Why must use JavaScript Array Functions

Why must use JavaScript Array Functions

In this article, we are going to discuss why must use JavaScript Array Functions

Originally published at https://www.geeksforgeeks.org
Why Must use JavaScript Array Functions – Part 1

In this article, we are going to discuss the following two JavaScript array functions

  1.  Array.prototype.every()
  2.  Array.prototype.some()

Both of these functions are widely used in industry and makes the Javascript code clean, modularized and easy to understand.

Array.prototype.every()

Description: Array.every() function is used when you need to validate each element of a given array. Array.every() accepts a callback function as argument which is called for each element of the array. The callback function has to return either a true or false. If all elements of the array satisfy the validation function and thus callback function returns true on all elements of the array, then Array.every() return true. Otherwise Array.every() returns false,as soon as it encounters the first element which does not satisfy the validator function.

Syntax : arr.every(callback[,thisArg])

Parameters :callback : Function to be called for each element of the array arr

– currentValue: The value of the elements being processed currently

– index(optional): Index of the currentValue element in the array starting from 0

– array(optional): The complete array on which Array.every is called

thisArg (optional): Context to be passed as this to be used while executing the callback function.  If context is passed, it will be used as this for each invocation of callback function, otherwise undefined is used as default.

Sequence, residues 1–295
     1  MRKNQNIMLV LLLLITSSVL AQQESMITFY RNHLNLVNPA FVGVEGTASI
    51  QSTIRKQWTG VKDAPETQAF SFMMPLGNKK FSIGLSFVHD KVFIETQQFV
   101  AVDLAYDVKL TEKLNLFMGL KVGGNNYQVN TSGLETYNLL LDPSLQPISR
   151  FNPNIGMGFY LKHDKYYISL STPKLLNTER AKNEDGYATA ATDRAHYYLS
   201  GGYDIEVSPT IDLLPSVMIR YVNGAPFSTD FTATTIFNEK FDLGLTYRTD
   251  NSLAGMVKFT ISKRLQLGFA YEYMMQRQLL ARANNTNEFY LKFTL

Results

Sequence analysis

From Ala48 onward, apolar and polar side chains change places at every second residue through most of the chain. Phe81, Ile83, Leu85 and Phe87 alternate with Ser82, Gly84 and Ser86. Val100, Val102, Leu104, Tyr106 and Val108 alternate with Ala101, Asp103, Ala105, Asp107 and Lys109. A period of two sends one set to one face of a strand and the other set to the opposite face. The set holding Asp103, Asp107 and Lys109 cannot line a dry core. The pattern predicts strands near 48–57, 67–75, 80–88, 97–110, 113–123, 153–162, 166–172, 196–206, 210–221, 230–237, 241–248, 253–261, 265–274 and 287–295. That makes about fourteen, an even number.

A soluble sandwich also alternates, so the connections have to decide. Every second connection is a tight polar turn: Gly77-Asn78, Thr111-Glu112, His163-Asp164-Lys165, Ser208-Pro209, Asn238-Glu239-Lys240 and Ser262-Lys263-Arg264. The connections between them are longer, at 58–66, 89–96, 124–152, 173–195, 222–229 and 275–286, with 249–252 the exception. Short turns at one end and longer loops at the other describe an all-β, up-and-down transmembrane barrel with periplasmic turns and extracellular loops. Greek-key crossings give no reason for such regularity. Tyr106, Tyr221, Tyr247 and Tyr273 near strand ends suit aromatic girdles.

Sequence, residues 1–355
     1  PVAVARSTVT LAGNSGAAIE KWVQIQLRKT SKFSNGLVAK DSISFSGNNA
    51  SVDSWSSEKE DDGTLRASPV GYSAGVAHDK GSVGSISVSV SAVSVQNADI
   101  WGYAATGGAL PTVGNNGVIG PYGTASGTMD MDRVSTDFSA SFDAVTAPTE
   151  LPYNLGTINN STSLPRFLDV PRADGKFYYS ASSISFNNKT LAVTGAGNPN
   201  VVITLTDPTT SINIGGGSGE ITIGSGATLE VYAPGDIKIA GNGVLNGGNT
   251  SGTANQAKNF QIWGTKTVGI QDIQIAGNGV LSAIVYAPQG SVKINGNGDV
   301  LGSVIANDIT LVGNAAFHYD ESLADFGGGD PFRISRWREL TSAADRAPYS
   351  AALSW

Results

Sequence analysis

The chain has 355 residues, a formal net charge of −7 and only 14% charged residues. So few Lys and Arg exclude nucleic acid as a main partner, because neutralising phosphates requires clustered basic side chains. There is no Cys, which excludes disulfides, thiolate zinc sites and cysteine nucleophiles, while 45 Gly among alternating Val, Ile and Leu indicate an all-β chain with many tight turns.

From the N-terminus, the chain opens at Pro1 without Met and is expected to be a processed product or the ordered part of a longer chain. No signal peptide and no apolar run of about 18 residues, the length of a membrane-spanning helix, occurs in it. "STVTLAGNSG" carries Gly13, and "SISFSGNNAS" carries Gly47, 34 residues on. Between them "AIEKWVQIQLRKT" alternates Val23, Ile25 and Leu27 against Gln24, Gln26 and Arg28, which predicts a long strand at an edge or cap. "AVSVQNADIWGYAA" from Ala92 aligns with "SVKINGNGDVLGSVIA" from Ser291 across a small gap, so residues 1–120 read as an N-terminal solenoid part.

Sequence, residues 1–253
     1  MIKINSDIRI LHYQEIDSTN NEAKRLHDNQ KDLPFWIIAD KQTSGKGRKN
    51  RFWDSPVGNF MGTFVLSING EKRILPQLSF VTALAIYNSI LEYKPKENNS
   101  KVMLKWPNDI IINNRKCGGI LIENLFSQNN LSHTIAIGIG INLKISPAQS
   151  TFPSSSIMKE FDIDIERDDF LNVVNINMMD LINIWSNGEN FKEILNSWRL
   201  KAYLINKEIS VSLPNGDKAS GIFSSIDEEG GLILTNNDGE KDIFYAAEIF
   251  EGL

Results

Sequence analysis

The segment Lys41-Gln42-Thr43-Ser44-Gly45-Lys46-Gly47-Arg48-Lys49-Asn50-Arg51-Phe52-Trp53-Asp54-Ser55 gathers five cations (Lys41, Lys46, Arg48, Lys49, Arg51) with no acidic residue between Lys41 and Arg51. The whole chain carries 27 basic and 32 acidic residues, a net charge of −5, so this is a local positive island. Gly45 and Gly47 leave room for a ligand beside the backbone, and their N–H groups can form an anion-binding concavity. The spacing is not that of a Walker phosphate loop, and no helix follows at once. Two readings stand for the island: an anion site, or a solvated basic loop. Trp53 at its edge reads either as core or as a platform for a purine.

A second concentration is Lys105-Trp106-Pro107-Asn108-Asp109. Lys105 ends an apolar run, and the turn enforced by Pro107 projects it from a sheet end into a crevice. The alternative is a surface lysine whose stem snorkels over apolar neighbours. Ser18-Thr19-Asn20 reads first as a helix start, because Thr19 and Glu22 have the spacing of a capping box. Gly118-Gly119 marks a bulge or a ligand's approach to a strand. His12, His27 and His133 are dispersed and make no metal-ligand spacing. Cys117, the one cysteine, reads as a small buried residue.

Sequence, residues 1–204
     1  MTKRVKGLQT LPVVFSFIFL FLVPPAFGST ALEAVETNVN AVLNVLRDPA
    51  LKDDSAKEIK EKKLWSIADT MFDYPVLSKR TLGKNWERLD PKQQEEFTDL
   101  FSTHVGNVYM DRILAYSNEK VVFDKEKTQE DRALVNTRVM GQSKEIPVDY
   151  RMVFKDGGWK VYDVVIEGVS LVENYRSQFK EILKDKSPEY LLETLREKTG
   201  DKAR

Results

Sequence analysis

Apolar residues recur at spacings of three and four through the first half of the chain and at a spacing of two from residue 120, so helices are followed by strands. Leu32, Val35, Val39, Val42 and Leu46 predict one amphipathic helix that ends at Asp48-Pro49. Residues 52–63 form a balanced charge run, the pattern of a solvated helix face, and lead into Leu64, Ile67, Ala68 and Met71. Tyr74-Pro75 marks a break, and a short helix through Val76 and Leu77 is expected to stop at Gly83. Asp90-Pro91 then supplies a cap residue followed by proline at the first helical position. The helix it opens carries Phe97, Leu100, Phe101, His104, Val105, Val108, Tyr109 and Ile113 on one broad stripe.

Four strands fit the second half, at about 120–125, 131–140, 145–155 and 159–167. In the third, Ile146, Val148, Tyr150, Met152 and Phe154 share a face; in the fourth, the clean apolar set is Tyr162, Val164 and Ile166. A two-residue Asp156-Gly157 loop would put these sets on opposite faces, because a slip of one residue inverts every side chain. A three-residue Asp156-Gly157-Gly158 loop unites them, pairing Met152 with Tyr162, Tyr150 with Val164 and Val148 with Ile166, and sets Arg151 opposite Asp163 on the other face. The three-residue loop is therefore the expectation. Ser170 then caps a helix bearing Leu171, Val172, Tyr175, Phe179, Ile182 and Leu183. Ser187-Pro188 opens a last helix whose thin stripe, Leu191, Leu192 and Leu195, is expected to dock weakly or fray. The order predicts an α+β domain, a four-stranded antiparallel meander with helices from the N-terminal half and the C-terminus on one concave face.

Sample Use Case:

1.To check if every element of the integer array is less than 100

2. To check if every element of the array is of a specific data type, for example String.

Examples

1 - Given an array, write a function to check if all elements of that array are less than 100 or not.

So the naïve approach is to use for loop as shown below.

function fnIsLEssThan100_loop(arr){ 
for(var i = 0 ; i < arr.length; i ++){ 
	if(arr[i] >= 100){ 
		return false; 
	} 
} 
return true; 
} 
function fnIsLEssThan100_loop([30,60,90]); 
function fnIsLEssThan100_loop([30,60,90,120]); 


true
false

Although the above implementation is easy to understand for any novice programmer but there are some un-necessary checks which the programmer has to take care about. For Example, the short circuiting mechanism i.e. the programmer has to explicitly make sure that as soon as the loop encounters the first element which fails the given condition, the loop should break and return false. Also until and unless the programmer dives deep into the logic of the code, he/she won’t be able to understand what this for loop is doing. But with the use of Array.every(), same behavior can be achieved with much clearer, intuitive and less code.

function fnIsLesThan100_Every(arr){ 
return arr.every(function(element){ 
			return(element < 100): 
		}); 
} 

fnIsLesThan100_Every([30,60,90]) 
fnIsLesThan100_Every([30,60,90,120]) 


true
false

2 - Given an array, write a function to check if all elements of that array are of a specified data type.

Again naïve approach would be to iterate over the array using for loop.

function fnCheckDatatype_loop(arr. sDatatype){ 
for(var i = 0 ; i < arr.length; i ++){ 
if(typeof(arr[i]) !== sDatatype){ 
return false; 

fnCheckDatatype_loop(["Geeks","for","Geeks"],"string") 
fnCheckDatatype_loop(["Geeks",4,"Geeks"],"string")